03/30/10 The New York Times — After 16 years and $10 billion, there was joy in the meadows and tunnels of the Swiss-French countryside Tuesday: the world's biggest physics machine, the Large Hadron Collider, finally began to collide subatomic particles. Designed by physicists and engineers to capture every evanescent flash and fragment from microscopic fireballs, the process is thought to hold insights into the beginning of the universe. The first modern accelerator was the cyclotron, built by Ernest Lawrence at the University of California, Berkeley, in 1932.
03/22/10 San Francisco Business Times — Lawrence Berkeley National Laboratory will receive about $13.5 million over five years from the National Cancer Institute to develop computational models that predict breast cancer responses to therapeutic agents. The new Center for Cancer Systems Biology will be co-directed by Joe Gray, director of the lab's life sciences division and an adjunct professor of laboratory medicine at UCSF, and Claire Tomlin, a professor of electrical engineering and computer sciences at UC Berkeley.
03/17/10 Asian Pacific Fund — On Tuesday, March 16, the Asian Pacific Fund presented S. Shankar Sastry, UC Berkeley Dean of Engineering, with the Chang-Lin Tien Education Leadership Award. The award recognizes the leadership qualities and scholarly accomplishments of Asian Americans working in higher education. "I very much celebrate and draw on my Asian heritage in my work," said Sastry in accepting the award. "This foundation provides me with an appreciation for patience, civility and respect for the contributions of my elders."
03/15/10 Wall Street Journal — A connection to the University of California at Berkeley - and a lengthy record for innovations - seem to be winning attributes in this year's big computing prizes. Eric Brewer and Charles Thacker have both.
03/15/10 Department of State — Opinion Space, an interactive site hosted on State.gov that seeks to foster global conversations on foreign affairs, was developed jointly by the Department of State and UC Berkeley's Center for New Media and is accessible to anyone around the world. According to Berkeley Engineering professor and BCNM director Ken Goldberg, "Opinion Space is designed to 'depolarize' discussions by including all participants on a level playing field." Secretary of State Hillary Clinton has called Opinion Space an example of "21st century statecraft."
03/09/10 ACM — UC Berkeley alumnus and Microsoft Corporation researcher Charles Thacker has won the $250,000 Turing Award, one of technology's most coveted prizes, for his work helping design and build what is widely considered the first modern personal computer. Thacker said he would probably donate the money to his alma mater.
03/04/10 The New York Times — Thomas H. Pigford, an independent-minded nuclear engineer who was recruited by the federal government for his advice on major nuclear accidents and nuclear waste, died Saturday at his home in Oakland. Dr. Pigford was the first chairman of the nuclear engineering department at UC Berkeley. Before going to Berkeley, Dr. Pigford helped establish the nuclear engineering department at M.I.T. A chemical engineer, Dr. Pigford helped develop the process used by the government for years to harvest plutonium for bombs from irradiated reactor fuel. He was a co-author of "Nuclear Chemical Engineering," published in 1958 and considered the first text in the field.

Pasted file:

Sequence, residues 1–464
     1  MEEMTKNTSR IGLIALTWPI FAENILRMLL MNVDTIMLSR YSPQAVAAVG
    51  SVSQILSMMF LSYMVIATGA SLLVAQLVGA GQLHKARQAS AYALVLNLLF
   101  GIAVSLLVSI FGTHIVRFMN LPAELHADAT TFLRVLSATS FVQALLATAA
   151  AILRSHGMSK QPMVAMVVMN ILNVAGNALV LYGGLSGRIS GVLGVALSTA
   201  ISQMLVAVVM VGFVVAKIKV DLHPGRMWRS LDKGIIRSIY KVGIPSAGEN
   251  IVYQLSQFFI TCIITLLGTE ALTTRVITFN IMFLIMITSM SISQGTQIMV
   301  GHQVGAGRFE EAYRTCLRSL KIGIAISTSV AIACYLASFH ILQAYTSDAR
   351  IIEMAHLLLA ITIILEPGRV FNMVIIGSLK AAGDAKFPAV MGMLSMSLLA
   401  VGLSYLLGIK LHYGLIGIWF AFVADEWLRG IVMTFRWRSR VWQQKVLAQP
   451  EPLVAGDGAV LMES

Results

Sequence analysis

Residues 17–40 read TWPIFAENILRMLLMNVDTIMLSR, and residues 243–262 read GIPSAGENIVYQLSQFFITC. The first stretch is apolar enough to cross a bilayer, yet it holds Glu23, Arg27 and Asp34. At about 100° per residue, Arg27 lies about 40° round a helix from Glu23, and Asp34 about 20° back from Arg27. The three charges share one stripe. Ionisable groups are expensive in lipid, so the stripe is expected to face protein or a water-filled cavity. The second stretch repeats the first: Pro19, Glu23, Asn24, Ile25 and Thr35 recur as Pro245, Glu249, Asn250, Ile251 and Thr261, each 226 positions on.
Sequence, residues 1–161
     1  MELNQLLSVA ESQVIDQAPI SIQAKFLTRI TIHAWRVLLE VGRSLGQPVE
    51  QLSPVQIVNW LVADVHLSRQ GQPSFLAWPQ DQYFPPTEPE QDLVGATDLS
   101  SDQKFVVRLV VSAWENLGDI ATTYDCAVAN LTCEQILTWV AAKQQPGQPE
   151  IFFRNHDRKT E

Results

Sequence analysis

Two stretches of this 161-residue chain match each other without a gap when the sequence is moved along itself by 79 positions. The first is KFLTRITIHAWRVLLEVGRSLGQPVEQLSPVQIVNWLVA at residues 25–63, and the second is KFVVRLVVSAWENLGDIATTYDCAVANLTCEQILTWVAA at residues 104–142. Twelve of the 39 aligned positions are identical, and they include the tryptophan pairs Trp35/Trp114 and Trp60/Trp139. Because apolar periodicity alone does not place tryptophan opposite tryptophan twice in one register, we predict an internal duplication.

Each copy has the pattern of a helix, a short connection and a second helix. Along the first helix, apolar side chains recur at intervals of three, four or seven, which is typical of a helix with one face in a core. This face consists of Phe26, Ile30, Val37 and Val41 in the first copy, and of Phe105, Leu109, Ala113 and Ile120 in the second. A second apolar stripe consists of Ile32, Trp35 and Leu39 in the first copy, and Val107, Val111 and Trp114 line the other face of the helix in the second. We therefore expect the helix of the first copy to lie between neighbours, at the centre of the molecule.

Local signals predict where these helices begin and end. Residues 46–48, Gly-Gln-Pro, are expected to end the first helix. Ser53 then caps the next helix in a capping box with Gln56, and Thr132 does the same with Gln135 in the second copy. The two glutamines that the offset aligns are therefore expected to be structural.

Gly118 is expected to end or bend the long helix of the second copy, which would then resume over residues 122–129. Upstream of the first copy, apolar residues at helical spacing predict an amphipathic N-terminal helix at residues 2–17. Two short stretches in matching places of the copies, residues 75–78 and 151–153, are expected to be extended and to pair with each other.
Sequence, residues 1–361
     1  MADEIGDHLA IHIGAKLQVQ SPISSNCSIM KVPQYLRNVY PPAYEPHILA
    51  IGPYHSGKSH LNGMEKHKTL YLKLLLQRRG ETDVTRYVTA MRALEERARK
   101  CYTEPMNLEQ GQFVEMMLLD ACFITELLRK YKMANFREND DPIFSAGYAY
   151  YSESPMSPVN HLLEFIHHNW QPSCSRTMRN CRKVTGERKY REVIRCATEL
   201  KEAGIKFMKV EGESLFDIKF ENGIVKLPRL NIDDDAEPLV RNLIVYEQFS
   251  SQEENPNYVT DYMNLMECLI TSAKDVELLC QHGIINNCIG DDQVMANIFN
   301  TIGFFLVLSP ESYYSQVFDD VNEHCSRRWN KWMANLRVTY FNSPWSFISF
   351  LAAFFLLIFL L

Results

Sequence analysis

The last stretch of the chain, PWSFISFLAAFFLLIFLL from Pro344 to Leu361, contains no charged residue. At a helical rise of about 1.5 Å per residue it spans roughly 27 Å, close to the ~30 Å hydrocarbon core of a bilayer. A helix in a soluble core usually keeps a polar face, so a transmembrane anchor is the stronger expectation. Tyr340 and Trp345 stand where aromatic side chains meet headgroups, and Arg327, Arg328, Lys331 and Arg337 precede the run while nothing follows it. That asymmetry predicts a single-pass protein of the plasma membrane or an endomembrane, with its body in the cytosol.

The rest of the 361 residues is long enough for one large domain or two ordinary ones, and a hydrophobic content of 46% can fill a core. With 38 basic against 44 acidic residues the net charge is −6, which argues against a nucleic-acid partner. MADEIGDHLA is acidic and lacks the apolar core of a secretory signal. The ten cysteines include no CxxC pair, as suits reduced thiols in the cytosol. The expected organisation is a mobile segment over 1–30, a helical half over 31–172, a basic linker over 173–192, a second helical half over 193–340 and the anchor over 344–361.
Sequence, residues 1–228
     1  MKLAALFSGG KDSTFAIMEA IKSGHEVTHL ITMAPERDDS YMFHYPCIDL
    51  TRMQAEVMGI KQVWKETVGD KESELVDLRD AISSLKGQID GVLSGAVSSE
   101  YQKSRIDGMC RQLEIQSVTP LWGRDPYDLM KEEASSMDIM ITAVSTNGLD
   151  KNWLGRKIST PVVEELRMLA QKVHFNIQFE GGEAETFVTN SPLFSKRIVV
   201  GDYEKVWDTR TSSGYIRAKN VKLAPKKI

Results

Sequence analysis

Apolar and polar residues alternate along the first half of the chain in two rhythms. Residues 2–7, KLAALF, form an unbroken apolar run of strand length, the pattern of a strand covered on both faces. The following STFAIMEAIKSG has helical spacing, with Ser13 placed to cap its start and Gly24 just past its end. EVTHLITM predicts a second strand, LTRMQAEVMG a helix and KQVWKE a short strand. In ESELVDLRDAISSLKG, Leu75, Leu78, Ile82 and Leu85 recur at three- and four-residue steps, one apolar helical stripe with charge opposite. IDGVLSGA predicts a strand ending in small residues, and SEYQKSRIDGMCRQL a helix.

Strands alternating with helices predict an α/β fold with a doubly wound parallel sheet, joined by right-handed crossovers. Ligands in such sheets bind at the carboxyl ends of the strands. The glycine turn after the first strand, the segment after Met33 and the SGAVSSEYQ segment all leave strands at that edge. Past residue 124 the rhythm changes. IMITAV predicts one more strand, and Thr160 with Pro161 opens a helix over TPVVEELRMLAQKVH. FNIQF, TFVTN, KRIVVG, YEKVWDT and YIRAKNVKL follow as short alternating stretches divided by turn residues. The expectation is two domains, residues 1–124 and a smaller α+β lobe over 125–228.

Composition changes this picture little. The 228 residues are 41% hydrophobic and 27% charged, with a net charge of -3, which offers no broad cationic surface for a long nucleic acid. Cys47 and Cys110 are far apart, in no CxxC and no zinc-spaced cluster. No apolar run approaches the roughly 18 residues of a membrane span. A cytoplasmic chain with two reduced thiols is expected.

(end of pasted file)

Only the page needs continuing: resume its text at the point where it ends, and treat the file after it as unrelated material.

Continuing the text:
03/03/10 — Be it the economy, climate change or health care reform, what are we not worried about these days? There are so many weighty priorities on our minds and, in fact, the College of Engineering is working to address many of these. But I hope this issue of Innovations helps you step back to see an even bigger picture.
03/03/10 — Inventor, researcher and educator Boris Rubinsky has taken his show on the road. During three prolific decades in Berkeley's labs and classrooms, the professor of bioengineering and mechanical engineering stacked up nearly 40 patents and cofounded half a dozen startups in surgical techniques, bionic technology and imaging. Now Rubinsky is finding inspiration in his new role as health care advocate for the economically disadvantaged, building endorsement for his conviction that inexpensive but scientifically advanced technologies can improve health care for underserved populations.
03/03/10 — The boys from the Amazonian orphanage decided to name themselves Los Científicos. The Scientists. It was a small but monumental achievement for Rick Henrikson and Richard Novak, two Berkeley bioengineering graduate students. The pair cofounded Future Scientist, a tiny but highly motivated aid organization whose mission is to teach science and practical technical skills to young people in rural, developing regions. Last August, Novak, Henrikson and nine other Future Scientists traveled to Peru for their first pilot project: teaching a two-week crash course on pathogenic microorganisms, disease transmission, optics and solar-powered electricity to schoolchildren living along the Amazon River. This slideshow tells their story.